The model has potential drawbacks, however. There is reason to fear that as more companies move into the space, payers will lump them in with products like wellness programs: as a nice-to-have (and ultimately expendable) add-on to differentiate an offering, rather than as a core strategy for reducing costs and improving care.

For this reason, we expect the prescribed model to prevail in the long run. And while there are examples of prescription DTx products that are not approved by the Food and Drug Administration (FDA) or the European Medicines Agency (EMA), increasingly regulatory approval needed, at a minimum as a stamp of approval and frequently as necessary precondition of to establish meaningful physician interactions.

There is probably some room in the market for the models where the patient pays, and we expect to see some true direct-to-consumer DTx, especially for low-acuity diseases and to address certain types of underinsurance and access issues (such as high copays and regional physician shortages). We expect them to have little short-term effect on patient welfare or the structure of the healthcare industry, but significant potential in the long-run.

Learning from Pharma

Pharma companies need to sell their products three times – first to the payer that adds the drug to a formulary, second to the physician who prescribes it, and last, to the patient who takes it. (The last challenge – getting patients to actually pick up their prescriptions, refill them, and go on taking them for a prolonged period – may actually be the most difficult of all.) Pharma’s three customers have different interests, respond to different kinds of information, and present different regulatory and ethical issues to drug makers. And whether they pursue the benefit model or the prescription model, would-be DTx players must understand they will face the same sorts of challenges. They must learn from pharma’s experience.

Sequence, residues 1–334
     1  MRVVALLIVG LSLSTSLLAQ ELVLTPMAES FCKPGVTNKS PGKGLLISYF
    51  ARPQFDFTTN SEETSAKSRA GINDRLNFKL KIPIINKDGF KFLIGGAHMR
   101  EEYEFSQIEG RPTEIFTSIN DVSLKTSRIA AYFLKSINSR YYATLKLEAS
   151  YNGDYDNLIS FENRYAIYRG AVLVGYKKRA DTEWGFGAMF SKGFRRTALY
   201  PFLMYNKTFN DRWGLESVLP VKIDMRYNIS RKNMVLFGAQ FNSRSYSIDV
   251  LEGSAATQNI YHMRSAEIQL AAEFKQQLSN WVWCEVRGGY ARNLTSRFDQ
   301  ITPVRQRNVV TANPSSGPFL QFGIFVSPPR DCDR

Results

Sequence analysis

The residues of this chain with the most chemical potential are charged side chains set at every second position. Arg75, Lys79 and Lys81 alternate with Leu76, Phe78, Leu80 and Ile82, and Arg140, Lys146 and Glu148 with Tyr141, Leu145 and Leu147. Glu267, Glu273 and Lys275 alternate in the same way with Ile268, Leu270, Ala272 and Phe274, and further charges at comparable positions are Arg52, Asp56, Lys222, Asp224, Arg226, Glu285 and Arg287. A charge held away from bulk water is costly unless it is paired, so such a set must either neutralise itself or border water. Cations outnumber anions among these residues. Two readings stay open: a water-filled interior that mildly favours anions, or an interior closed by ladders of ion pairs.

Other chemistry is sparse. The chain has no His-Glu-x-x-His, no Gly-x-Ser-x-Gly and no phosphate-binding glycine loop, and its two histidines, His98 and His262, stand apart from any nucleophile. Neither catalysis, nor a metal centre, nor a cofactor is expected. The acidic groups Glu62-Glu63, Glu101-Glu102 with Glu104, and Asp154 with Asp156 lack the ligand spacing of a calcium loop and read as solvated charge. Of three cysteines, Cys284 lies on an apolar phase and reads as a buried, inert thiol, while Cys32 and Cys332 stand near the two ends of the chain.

For DTx providers that follow the benefit model, there’s no prescription, and no legal necessity to persuade the physician. But as the market grows and options proliferate, these benefit-oriented may find that they need physicians to validate their products, pick them out from the pack, and keep patients using them over the long run, and some may need to take on the added expense of a sales force. Balancing this possibility are several clear advantages: Because their products do not require FDA approval, benefit-oriented DTx companies will likely be freer to advertise directly to patients – though there will be limits on the claims they can make. What’s more, they can be upgraded rapidly based on patient data without the need for additional approvals.